And without a support network of family and friends to help out, Regan made sure she paid for the best child care help she could find. “I never cheaped out when it came to getting support,” she says. “I took the long view, I’m making an investment in my personal life so that I could make an investment in my work life.”

Bair confesses that when she was first learning the pharmaceutical and healthcare advertising businesses, she had no work-life balance, working 70 or 80-hour weeks to prove herself. “I think for that reason, I waited until later in life to have a child, and that was probably best suited, because I was able to get the experience I needed to excel within the various positions I had in the agency side, and be able to take the time at a later point in life because I had a good reputation, and I was able to start my own agency and have a child,” she says. “I think I gave myself a long weekend to have my daughter. So that kind of speaks to my work-life balance!”

According to Bair, finding the time to do things you are personally passionate about is important. For her, it’s showjumping horses. She owns five warmbloods, and competes in New Jersey, New York, and Florida.

“My staff always tells me that they can tell when I’m not riding, because my outlook changes for the worse!” Bair says. “So I really try to stay committed to a training schedule and competition schedule, that’s a big investment for me to have horses, so I’ve got to take the time to get over to the barn and ride. I’ll do that before work, after work, on weekends, and a lot of my vacation time is allocated towards competition.”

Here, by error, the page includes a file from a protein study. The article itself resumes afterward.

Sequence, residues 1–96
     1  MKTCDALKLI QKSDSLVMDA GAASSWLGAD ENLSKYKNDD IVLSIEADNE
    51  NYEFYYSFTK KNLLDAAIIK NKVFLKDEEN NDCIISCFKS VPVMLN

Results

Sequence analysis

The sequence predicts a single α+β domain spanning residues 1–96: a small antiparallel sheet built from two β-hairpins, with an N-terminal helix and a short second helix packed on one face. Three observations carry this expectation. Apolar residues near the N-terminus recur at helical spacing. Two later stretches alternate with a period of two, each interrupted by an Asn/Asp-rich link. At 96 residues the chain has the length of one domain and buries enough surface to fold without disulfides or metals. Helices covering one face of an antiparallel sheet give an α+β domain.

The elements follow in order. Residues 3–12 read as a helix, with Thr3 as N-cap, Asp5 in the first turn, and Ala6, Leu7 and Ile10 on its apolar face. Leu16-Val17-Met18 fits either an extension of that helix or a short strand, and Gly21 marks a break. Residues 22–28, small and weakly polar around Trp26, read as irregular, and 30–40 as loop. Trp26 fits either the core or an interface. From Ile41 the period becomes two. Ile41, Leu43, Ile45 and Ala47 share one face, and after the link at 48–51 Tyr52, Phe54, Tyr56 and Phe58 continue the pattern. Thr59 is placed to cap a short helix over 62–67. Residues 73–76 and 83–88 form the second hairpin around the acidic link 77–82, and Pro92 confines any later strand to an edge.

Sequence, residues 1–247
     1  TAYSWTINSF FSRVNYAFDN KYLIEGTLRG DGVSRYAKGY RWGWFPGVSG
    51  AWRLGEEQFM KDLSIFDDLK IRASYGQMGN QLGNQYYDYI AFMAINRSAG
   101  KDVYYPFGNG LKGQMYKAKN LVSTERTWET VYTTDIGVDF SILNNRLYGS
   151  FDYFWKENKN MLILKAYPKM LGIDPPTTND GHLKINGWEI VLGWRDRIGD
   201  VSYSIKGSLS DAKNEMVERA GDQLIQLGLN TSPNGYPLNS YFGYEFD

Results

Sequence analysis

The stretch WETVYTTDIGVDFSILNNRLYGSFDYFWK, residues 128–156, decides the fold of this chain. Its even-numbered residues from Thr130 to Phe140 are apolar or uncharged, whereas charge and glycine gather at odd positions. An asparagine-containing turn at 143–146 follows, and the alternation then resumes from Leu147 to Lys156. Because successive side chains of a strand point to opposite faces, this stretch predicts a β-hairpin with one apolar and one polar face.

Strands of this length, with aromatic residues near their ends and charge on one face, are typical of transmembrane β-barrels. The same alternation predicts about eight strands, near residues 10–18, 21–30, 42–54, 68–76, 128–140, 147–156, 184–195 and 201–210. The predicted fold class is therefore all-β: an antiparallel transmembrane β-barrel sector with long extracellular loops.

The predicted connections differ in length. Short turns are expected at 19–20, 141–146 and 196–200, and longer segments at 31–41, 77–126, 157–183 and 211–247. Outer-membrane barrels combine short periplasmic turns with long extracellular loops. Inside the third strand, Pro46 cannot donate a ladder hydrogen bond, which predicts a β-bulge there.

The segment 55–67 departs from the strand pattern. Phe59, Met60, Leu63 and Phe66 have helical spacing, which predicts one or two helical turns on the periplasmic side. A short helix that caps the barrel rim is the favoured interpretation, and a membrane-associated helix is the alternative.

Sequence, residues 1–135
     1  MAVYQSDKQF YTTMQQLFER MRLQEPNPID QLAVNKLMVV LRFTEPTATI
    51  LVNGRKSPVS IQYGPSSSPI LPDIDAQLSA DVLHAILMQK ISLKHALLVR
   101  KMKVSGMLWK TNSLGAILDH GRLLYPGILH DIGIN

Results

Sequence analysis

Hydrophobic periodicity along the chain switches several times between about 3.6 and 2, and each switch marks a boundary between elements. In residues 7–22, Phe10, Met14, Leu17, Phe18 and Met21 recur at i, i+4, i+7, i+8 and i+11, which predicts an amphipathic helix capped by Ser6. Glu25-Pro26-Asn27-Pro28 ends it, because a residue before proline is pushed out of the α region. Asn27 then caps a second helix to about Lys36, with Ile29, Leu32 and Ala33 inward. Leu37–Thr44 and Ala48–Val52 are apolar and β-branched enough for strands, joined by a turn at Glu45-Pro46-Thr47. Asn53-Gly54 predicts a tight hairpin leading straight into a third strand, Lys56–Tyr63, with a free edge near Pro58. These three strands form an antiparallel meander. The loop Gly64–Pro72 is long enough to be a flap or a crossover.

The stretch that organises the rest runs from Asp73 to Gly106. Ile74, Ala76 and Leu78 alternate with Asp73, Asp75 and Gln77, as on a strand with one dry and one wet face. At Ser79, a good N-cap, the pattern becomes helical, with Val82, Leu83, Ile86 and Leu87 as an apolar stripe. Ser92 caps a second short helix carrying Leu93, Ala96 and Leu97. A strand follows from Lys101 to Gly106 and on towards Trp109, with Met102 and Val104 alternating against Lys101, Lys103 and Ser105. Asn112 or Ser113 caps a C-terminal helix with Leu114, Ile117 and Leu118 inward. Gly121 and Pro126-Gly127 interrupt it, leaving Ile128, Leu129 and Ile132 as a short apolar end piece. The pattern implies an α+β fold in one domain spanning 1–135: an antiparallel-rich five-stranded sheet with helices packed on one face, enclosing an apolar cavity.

Clotman is a runner. “When I’m not working, or with my family, I do 5Ks, 10Ks, trying to get up to a half marathon,” she says. “We’re getting together a team at Roska to do a tough mudder, it’s a 10-mile race in the mud – I’m still on the fence as to whether I want to do that or not!”

Where Women Thrive

Although the misogynystic “Mad Men” era was not that long ago, the executives interviewed noted no barriers to their career advancement within healthcare advertising, though some observed some staticness on the client side.

Some observed strong female mentors and role models in the advertising business. “If you look at advertising, we had great women leaders in the ’60 and ‘70s running consumer advertising agencies,” Regan says. “So many of the healthcare agencies are owned now by the big giant conglomerates of advertising, the IPGs, the WPPs.